I arrived 30 minutes before the 5pm duck march and the lobby was already packed with spectators. Bang on time, the Duckmaster gave a little speech and then marched his ducks into the lifts. Memphis has a rich history and culture, but this was my favourite thing.
In segregated Memphis, Beale Street was at the heart of the African American community and grew famous for its blues bars. Today, it is a tourist trap (though nowhere near as bad as Bourbon Street in New Orleans), with bars competing for business with their live music, BBQ ribs and cold beer.
I went to BB King’s Blues Bar, which I later discovered was part of a national chain. The music was nothing special, but they did serve me an excellent plate of pork ribs, macaroni cheese and BBQ beans.
From Memphis, the Amtrak line heads north to Chicago, but I wanted to go northeast to Washington, New York and Boston, so I headed to the airport to pickup a rental car. Car rental in Tennessee is eye-wateringly expensive – around four times more than in Texas – so I decided to upgrade to a sports car. In for a penny etc.
Hence, I drove away in a Dodge Challenger, a car apparently famous from Dukes of Hazzard and the new Fast and Furious movie. The woman in the exit booth looked at my paperwork and said “Yo’ drivin’ this mutha all the way to Washington?! Sweet!”
I pointed the Dodge in the direction of Nashville and pushed Go. Actually, I headed a little south first, across the border into Mississippi, then Alabama via Shiloh, site of a civil war battle. There is an enormous, unbridgeable gulf between the kind of people who find historic battlefields exciting and the rest of us. This one had some fake cannons to liven it up, but really it was just a field.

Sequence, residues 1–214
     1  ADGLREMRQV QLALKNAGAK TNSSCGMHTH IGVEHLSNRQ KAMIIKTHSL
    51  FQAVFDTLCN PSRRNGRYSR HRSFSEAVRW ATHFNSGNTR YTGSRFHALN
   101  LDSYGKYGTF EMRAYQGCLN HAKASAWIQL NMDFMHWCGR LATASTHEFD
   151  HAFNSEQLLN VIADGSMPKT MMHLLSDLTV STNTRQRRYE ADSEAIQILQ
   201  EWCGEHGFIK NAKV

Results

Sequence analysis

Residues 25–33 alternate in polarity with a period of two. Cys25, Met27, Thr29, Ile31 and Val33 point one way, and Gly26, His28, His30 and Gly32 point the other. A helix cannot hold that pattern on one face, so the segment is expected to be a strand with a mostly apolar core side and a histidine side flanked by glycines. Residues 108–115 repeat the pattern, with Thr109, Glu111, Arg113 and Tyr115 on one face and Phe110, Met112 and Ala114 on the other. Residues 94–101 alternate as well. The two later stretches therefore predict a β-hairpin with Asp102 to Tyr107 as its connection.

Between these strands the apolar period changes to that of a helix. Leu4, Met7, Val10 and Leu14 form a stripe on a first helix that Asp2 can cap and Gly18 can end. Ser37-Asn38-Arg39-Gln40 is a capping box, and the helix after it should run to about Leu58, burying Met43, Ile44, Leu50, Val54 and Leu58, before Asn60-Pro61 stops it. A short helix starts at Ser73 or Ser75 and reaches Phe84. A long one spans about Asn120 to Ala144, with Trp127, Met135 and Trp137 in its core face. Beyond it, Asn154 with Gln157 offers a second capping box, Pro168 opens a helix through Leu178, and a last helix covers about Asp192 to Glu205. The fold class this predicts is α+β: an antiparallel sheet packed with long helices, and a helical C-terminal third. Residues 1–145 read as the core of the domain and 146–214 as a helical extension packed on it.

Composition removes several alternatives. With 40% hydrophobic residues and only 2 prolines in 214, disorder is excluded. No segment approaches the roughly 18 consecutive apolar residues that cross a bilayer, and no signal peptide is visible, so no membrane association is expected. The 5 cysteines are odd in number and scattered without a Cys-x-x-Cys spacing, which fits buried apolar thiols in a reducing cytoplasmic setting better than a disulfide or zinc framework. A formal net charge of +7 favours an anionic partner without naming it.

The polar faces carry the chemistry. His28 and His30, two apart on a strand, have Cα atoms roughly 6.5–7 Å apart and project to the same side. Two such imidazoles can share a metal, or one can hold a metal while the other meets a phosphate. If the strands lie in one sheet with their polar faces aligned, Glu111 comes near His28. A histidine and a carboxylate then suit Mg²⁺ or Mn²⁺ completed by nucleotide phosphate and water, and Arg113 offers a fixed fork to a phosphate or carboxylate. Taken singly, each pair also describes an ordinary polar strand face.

I then picked up the Natchez Trace Parkway, which runs for 444 miles across Mississippi, Alabama and Tennessee, roughly following a Native American path. As I would later learn from Bill Bryson, the parkways were developed in the early 20th century as scenic driving routes with protected scenery on either side. Many have now been consumed by cities, but some – like the Natchez Trace – remain as originally intended.
After a night on the outskirts of Nashville, I began the long drive to Washington. From the horrible town of Gatlinburg, Tennessee west of the Great Smoky Mountains National Park to the northernmost tip of Shenandoah National Park in Virginia, via the Blue Ridge Parkway in North Carolina there is a continuous scenic road that runs for 600 miles.
This is an awfully long way – further than London to Inverness – and the views are consistently very nice. However, they are not *that* dramatic – think English countryside mixed with low Alpine meadows – and driving through them for two full days gets quickly quite tedious.
Thankfully, I had some audiobooks to divert me: On the Road by Jack Kerouc and A Walk in the Woods by Bill Bryson. I struggled to get engrossed in On the Road, as exciting and fascinating as Kerouac’s tales of travel around the US in the 1940s are, his stream of consciousness can grow quite tiresome. I did enjoy hearing about San Francisco at this time; he found himself there repeatedly, always a source of distant wonder for a New Yorker.